Spellbound by Beauty, He Loved to Photograph
December 21, 2001
As a child, David S. Suarez was nurtured with the stories his father told him about the native civilization of their ancestral Peru, the majestic ruins the Incas left at Machu Picchu and all the other legends of the land.
It was not a surprise then that last year Suarez conspired with his sister, Kristen, in convincing their family to take a trip to South America and see firsthand the remains of that civilization and the impressive landscapes surrounding them.
They hiked a portion of the Inca trail, witnessed the grandeur of the site and marveled at Cuzco's Temple of the Sun. There, the family took one of their last group photos with the towering mountains and archaeological treasures in the background, before returning to their suburban home in West Windsor, N.J.
The family outing had deep significance for Suarez, who wrote about it in an essay he was preparing for his graduate school application. Suarez, 24, an industrial engineer working on software applications with Deloitte Consulting, never filed his essay.
Suarez was working on a project for the insurance brokerage company Marsh & McLennan, on the 99th floor of Tower One. He remains among the missing.
When they think of him, relatives remember a happy man, friendly and outgoing but also a hard worker. "He is one of those guys who always had a smile on his face and let things roll off his back. At 24 you always have a lot of energy, said his mother, Carol Suarez.
Formerly a co-captain of his wrestling team in high school, Suarez graduated from Pennsylvania State University in 1999 and went on to work with the consulting firm. He was assigned to the Manhattan-based client about two years ago, leading a project on software conversion.
Using his digital camera, Suarez left traces of the life he led in both his temporary apartment in Manhattan's West Side and his family's home.
Suarez often went to work early, so he could take the elevator to the Windows on the World restaurant and take snapshots of the sunrise above New York City. He went hiking, and had photos of mountains, of himself surrounded by the whiteness of snow. Spellbound by beauty, he often walked to the Central Park rose garden, where he once took his father, Ted Suarez, to see nature's colors. He left his camera loaded with photos of the garden.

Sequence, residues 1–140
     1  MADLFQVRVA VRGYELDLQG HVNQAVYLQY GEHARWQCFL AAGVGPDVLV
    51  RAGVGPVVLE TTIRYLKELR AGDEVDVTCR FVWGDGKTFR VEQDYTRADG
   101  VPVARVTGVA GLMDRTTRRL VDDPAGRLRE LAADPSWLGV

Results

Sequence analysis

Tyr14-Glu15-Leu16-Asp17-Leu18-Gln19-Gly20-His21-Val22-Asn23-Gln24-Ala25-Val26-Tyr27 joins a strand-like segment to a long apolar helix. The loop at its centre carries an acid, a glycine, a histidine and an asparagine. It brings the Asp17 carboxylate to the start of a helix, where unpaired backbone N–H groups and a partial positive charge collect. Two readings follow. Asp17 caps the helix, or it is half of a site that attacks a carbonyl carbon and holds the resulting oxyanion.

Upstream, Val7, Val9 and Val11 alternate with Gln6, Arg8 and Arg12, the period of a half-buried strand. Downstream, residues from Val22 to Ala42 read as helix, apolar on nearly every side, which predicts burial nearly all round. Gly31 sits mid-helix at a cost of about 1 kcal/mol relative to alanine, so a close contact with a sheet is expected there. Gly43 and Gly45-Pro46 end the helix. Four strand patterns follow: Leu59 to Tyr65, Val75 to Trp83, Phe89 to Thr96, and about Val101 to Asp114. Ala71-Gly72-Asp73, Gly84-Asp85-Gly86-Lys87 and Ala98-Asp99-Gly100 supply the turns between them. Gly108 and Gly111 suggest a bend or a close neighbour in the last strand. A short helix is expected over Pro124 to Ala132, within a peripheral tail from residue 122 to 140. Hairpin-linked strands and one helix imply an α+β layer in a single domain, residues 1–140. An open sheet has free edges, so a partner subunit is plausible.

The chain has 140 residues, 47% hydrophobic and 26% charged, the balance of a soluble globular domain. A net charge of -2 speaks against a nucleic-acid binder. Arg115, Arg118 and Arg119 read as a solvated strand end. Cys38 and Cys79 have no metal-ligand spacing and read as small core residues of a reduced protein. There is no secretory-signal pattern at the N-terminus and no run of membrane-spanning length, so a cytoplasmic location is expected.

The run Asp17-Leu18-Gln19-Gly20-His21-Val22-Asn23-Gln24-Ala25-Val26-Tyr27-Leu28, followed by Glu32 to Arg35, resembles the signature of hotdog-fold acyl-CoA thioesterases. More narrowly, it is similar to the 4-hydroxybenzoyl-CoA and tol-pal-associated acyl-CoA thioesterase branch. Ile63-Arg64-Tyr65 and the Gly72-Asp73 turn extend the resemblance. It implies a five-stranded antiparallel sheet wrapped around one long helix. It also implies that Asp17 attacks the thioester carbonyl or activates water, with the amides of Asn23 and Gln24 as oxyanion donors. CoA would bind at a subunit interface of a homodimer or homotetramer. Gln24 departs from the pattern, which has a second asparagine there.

Suarez also fit in his schedule occasionally helping at soup kitchens, or volunteering in other ways. Once, while in college, he organized a yearly Dance-a-Thon to raise funds for children with cancer. He joined others in dancing for 48 straight hours at the event.
"He wrote about it, his father said. "When he would see children with cancer and he would remember their pain, it gave him courage to help other people.
Suarez also enjoyed spending time with his family, and had recently gone hiking with his brother, Bryan. The weekend before the attacks, he had been asking his parents about the family's history and his own childhood so he could complete the essay he was working on.
"In talking, we realized we are basically an ordinary family and the extraordinary thing is that we were so close, his father said.
On Sept. 11, Suarez was to meet his father for lunch, since they worked a few blocks from each other. When his father walked through the devastation that was lower Manhattan, and the office documents littered nearby streets, he felt an impulse to pick one sheet of paper and take it home.
Later, he read it and realized it was a page taken out of the software project his son had been working on. He regarded it as "a sign from God that his son is in heaven, because he says,there is no other way to explain it.
In Suarez' memory, friends created The Dave Suarez Scholarship Fund, c/o The KAO Educational Foundation, PO Box 1865, Lexington, Va. 24450.
Copyright © 2001, Newsday, Inc.
Copyright © Newsday, Inc. Produced by Newsday Electronic Publishing.
About Us | E-mail directory | How to Advertise
Powered by Genuity